When rabbits chase each other, it’s not always an indication that something is wrong. However, you should keep an eye on them, especially if they are still in the process of bonding.
It’s important to find out what is at the root of this behavior before it escalates. Chasing can lead to fighting on occasion, which will make it harder to separate the two rabbits and resolve the issue.
Chasing can sometimes be an indication that your rabbits are actually bonding. While it can look scary, know that this is the way that rabbits communicate with each other. Watch for signs that this chasing is a way that they are playing together.
Some things that rabbits like to do with other rabbits that they are bonded to is run or jump around. They might also rip up any paper or play with some toys. All of these are good signs and indicate that your rabbits are just having fun together.
When two unbonded rabbits are chasing each other, watch to make sure that there is no aggressive action being taken by either rabbit. If they lunge at each other or mount each other, it’s time to separate them for their own safety.
What to Do if Your Rabbits Are Chasing Each Other
The first thing that you should do when your rabbits are chasing each other is to establish whether or not they are in any kind of danger. You should be extra vigilant to make sure that it doesn’t turn into a fight.
If two bonded rabbits are chasing each other, it’s more likely that they are simply playing, unlike when two unbonded rabbits are chasing each other. When rabbits are unbonded, they are likely still fighting over dominance.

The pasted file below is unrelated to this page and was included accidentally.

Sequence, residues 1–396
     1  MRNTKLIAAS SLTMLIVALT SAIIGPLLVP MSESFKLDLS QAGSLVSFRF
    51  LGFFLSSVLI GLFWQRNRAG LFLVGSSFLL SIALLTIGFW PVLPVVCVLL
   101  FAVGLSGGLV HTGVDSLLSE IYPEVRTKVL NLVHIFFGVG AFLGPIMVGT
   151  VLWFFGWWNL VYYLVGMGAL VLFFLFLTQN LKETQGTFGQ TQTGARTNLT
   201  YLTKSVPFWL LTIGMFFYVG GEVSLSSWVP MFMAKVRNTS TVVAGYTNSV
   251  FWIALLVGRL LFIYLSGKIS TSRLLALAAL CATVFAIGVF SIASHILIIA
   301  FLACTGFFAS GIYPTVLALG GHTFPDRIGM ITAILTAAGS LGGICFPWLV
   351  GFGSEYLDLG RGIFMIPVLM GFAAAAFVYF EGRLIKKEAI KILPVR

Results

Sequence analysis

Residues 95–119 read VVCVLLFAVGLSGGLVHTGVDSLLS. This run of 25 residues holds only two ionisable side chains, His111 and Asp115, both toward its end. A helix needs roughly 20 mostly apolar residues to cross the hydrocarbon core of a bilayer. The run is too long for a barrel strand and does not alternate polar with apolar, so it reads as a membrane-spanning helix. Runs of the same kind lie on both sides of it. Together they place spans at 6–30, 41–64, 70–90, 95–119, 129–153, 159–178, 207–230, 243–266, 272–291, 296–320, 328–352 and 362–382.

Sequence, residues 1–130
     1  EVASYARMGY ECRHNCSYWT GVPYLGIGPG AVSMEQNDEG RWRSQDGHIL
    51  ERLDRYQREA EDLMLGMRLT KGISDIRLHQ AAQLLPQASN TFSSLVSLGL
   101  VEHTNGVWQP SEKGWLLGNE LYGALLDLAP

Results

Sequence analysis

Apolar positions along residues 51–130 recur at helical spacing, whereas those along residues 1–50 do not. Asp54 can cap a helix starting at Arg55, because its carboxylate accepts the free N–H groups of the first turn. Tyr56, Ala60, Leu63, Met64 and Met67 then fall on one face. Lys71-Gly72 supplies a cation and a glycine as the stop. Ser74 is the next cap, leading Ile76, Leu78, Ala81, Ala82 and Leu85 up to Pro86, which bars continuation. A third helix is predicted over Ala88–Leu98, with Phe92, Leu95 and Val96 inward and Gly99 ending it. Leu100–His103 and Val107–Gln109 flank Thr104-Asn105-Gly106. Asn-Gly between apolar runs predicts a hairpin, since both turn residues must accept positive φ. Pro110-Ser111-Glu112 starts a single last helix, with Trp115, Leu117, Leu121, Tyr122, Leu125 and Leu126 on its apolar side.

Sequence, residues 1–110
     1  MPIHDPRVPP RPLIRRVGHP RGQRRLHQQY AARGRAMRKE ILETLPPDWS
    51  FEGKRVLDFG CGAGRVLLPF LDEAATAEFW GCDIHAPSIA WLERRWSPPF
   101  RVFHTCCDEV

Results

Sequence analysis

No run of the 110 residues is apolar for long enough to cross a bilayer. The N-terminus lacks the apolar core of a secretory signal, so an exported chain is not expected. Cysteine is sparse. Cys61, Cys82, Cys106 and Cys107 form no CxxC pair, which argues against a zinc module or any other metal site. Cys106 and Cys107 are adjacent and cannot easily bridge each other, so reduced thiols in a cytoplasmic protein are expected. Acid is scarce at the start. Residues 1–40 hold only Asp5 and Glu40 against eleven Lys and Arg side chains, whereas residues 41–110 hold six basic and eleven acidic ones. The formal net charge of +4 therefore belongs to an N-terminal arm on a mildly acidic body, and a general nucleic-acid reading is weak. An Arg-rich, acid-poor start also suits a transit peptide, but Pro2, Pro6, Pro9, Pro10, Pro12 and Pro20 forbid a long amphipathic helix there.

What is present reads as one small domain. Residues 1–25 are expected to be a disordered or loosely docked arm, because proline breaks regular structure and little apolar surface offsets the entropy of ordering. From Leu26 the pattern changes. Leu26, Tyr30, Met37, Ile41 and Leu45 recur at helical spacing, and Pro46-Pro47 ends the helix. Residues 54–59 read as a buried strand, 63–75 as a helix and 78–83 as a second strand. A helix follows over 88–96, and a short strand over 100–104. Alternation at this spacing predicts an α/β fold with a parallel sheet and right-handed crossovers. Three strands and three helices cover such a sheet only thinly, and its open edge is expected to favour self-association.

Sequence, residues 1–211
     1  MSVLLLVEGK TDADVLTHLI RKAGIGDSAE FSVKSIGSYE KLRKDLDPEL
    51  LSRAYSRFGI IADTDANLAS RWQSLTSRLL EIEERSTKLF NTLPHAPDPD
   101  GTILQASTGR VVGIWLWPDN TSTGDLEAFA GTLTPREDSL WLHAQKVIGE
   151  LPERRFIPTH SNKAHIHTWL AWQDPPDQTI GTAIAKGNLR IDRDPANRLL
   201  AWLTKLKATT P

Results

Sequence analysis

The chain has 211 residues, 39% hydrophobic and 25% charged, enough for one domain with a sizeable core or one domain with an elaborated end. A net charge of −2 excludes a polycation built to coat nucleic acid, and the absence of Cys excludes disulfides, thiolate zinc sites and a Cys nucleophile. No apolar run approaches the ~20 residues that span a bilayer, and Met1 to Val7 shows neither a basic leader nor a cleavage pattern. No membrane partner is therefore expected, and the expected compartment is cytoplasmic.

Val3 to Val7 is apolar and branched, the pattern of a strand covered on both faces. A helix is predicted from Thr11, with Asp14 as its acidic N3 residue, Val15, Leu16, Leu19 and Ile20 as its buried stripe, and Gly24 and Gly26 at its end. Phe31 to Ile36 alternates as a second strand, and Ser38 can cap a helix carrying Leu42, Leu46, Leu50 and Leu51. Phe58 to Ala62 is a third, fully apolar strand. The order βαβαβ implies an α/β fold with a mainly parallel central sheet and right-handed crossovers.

While fighting for dominance is natural with animals and can’t be avoided, you should still watch over them and interfere if it looks as if either rabbit is going to seriously injure the other.
Rabbits are habitually territorial animals and prefer to live more solitary lives. In the wild, rabbits don’t stay in large groups as other animals might. Your rabbit has this ingrained in its mind so it’s not unusual for some lighthearted playing to turn into a small fight.
How to Tell if Your Rabbits Are Fighting
It can be hard to tell if your rabbits are actually fighting. Frequently, rabbits will communicate through harmless nipping at another rabbit. Rabbits might nip each other as a reminder to stay out of their personal space or it could be a way to play.
Is your rabbit nipping, jumping back, and nipping again? This is most likely just normal, playful behavior. However, nipping could have the potential to escalate to fighting if the receiving rabbit is not receptive to the other’s playfulness.
If your rabbit makes a sudden, very aggressive advance toward another rabbit (not just a small nip), it is likely that they are fighting. You should separate them immediately so that neither of your rabbits gets hurt.